Federal courts must look to state law to determine what evidence is sufficient. Jackson, 443 U.S. at 324 n. 16. Moreover, a reviewing habeas court applies "an additional layer of deference" under AEDPA: habeas relief is not warranted unless "the state court's application of the Jackson standard [was] 'objectively unreasonable.'" Juan H. v. Allen, 408 F.3d 1262, 1274, 1275 n.13 (9th Cir. 2005) (as amended) (citation omitted); see also Cavazos v. Smith, 132 S.Ct. at 4 ("[A] federal court may not overturn a state court decision rejecting a sufficiency of the evidence challenge simply because the federal court disagrees with the state court. The federal court instead may do so only if the state court decision was 'objectively unreasonable.'") (citation omitted).

The jury in petitioner's case was instructed pursuant to CALJIC No. 12.03 that, in order to find petitioner guilty of violating California Health & Safety Code § 11352, the prosecution needed to prove beyond a reasonable doubt that petitioner: (1) offered to sell the controlled substances of either cocaine or heroin; and (2) made the offer with the specific intent to sell the controlled substance. (RT 1297-98; CT 82). The instruction further stated that the prosecution did not have to prove that petitioner actually possessed the controlled substance. (Id.). Under California law, a violation of California Health & Safety Code § 11352(a) "is complete when an offer is made with the accompanying requisite intent; neither delivery of the drug, an exchange of money, nor a direct, unequivocal act toward a sale are necessary elements of the offense." People v. Encerti, 130 Cal.App.3d 791, 800-01 (Cal.App. 1 Dist. 1982).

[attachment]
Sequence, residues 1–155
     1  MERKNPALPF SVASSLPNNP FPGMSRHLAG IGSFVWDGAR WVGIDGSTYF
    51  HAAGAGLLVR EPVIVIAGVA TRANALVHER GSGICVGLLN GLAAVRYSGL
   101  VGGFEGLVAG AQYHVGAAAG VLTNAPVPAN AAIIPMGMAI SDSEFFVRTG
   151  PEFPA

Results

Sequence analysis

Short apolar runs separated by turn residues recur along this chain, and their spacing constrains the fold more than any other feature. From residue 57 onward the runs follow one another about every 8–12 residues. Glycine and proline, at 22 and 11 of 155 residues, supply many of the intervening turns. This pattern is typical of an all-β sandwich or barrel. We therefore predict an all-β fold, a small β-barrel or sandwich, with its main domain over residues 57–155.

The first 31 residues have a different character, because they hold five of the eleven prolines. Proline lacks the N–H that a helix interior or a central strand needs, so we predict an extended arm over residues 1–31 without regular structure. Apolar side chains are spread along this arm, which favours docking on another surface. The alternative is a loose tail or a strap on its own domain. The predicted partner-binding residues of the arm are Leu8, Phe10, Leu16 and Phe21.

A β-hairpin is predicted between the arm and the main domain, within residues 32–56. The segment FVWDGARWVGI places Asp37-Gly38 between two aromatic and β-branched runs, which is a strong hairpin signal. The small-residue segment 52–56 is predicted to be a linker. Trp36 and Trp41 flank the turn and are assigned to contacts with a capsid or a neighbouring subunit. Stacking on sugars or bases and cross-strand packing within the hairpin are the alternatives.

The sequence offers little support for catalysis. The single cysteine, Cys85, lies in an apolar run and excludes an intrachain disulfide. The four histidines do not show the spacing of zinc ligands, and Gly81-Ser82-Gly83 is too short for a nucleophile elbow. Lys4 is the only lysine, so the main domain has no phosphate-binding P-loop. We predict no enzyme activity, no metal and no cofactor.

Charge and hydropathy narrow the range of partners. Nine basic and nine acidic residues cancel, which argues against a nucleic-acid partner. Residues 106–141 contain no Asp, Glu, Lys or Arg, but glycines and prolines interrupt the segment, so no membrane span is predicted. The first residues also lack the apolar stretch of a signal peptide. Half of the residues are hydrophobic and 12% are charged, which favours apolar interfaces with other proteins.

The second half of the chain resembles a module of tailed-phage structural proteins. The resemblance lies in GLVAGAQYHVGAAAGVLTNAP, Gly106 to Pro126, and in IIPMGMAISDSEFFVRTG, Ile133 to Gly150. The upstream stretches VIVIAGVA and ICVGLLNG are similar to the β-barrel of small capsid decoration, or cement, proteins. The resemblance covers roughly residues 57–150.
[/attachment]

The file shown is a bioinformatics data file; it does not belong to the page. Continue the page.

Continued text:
A. The California Court of Appeal's Opinion

On direct appeal, the California Court of Appeal rejected petitioner's claim challenging the sufficiency of the evidence as follows: